Caring Conversations: Self-Care Tips for Family Caregivers


Caring Conversations: Self-Care Tips for Family Caregivers

It’s easy to lose sight of the importance of self-care while you’re juggling caregiving responsibilities.

Being a caregiver to your loved one is an important responsibility that demands a great deal of your time and energy. The stress of caregiving can have a significant effect on your emotional and physical wellbeing. You might feel sad, irritable, anxious, overwhelmed, angry, or simply exhausted. You may also get frequent headaches or other body aches. Caregiving stress can also cause you to lose or gain weight, have trouble sleeping, and have trouble concentrating.

It’s easy to lose sight of the importance of self-care while you’re juggling caregiving responsibilities. But caregiver burnout can make it difficult for you to attend to those responsibilities. In order to be the best caregiver possible, you must take care of yourself first. These self-care suggestions can help you get started.

This doesn’t have to mean hitting the gym for an hour. Even as few as 10 minutes of exercise a day can help you feel better. It can be as easy as going outside and taking a walk around the block. Anything that gets you moving counts: gardening, yoga, hiking, swimming, or dancing.

  • Accept help from others

If a friend or family member offers to help you – whether it’s running an errand for you, or assisting you with some of your caregiving duties – allow yourself to say yes. You don’t have to do everything by yourself. It’s okay to lean on others, especially during times when you feel overwhelmed or tired. To make it easier, create a list ahead of time of things that others can do to help you, and then you’ll know what to say when they ask.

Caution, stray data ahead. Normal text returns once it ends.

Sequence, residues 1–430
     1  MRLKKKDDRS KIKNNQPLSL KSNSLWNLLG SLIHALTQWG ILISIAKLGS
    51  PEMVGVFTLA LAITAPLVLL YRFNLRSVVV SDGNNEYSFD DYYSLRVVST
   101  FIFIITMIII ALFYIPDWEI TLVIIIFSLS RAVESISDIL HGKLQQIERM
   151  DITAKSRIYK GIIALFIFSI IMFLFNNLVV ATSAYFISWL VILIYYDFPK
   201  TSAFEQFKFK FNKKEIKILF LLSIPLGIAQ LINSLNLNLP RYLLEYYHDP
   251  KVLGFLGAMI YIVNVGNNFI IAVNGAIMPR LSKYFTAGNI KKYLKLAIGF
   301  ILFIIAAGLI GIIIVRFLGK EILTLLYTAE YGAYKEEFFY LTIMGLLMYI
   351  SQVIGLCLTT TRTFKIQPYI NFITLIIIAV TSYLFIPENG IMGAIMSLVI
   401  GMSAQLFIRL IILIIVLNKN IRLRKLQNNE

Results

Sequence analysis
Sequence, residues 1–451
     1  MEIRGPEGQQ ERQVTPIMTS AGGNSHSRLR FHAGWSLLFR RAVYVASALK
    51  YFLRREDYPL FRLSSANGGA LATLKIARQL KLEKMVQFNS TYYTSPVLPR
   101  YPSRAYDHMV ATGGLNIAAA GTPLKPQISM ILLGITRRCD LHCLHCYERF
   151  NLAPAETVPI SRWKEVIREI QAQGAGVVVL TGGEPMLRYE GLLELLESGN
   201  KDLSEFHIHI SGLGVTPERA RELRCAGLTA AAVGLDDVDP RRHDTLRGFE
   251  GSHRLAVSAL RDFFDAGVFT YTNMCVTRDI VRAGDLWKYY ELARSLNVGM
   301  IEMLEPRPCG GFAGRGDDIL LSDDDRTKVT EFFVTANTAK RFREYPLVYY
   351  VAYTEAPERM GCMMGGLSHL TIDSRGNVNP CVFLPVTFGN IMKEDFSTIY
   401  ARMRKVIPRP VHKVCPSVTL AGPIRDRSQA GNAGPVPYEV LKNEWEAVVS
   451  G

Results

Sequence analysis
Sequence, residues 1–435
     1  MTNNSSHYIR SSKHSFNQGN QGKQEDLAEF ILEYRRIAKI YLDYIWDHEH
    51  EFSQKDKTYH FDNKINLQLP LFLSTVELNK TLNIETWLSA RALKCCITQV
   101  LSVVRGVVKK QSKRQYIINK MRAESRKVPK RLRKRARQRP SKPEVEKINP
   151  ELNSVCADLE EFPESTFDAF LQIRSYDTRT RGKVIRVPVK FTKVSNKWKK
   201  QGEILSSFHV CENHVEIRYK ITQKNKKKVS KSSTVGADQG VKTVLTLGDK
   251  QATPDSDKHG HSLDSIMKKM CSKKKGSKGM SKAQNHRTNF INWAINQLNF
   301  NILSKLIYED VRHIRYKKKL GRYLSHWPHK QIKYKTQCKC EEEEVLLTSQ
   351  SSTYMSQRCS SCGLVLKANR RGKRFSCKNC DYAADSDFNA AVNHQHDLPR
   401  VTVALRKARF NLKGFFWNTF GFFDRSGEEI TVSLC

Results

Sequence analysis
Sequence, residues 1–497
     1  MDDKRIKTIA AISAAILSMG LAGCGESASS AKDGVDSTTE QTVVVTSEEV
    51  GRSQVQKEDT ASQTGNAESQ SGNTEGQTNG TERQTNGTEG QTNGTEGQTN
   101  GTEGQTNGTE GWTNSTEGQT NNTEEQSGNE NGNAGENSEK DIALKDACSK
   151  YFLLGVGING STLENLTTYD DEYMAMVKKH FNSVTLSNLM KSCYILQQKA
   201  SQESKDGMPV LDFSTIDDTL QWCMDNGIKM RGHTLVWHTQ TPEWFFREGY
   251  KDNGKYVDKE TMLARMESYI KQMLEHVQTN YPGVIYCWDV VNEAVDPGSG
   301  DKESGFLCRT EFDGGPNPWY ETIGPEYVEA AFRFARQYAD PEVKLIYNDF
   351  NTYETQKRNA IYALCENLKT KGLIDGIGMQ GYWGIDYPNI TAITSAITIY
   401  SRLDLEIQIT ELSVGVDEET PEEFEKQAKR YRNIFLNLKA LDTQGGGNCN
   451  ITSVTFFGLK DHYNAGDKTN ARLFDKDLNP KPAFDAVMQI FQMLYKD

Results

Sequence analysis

When you’re pressed for time, it’s easy to stop for fast food or eat whatever is sitting in the pantry. Try to plan ahead so you have some healthier options available when you need them. Cooking a large meal at the beginning of the week leaves you with leftovers to grab when you only have a few minutes to spare. And cutting up some fruit or veggies ahead of time means you can have a quick, healthy snack at the ready.

  • Try relaxation techniques

Relaxation techniques, like T’ai Chi or breathing excercises, can help you quiet your mind and refocus your energy. This may help you feel calmer during times of stress. The Mayo Clinic provides examples of different techniques and explains how you can perform them. You can also search for videos or books on the topic to learn more.

  • Connect with caregiving resources

Take advantage of meal delivery or transportation services in your community, or join a support group. Connecting with others who are going through similar experiences can help you feel less alone, and you might also learn new ideas for making your caregiving responsibilities run more smoothly. You can also access caregiver tips and information at Lilly for Better Health.

To learn more about managing and avoiding caregiver burnout, take this self-assessment.

This is the sixth of a ten-part Caring Conversation blog series that provides caregivers with inspiration, resources, and useful tips. Caring Conversation blogs are produced through a partnership with Lilly for Better Health.

Other posts in the series:

Caring Conversations: A Lilly for Better Health and Partnership

Caring Conversations: Caregiver Loneliness During the Holidays

Caring Conversations: How to talk with family about caregiving

Caring Conversations: Who is a caregiver?

Caring Conversations: Tax Tips for Family Caregivers

Caring Conversations: Building A Supportive Caregiving Community

Caring Conversations: How To Help A Caregiver

Caring Conversations: How To Advocate For The Person You Care For

Caring Conversations: A Caregiver's Guide To Elder Law

Lilly for Better Health is also having Caring Conversations with Joy’s House. You can listen to the first and second installments online.

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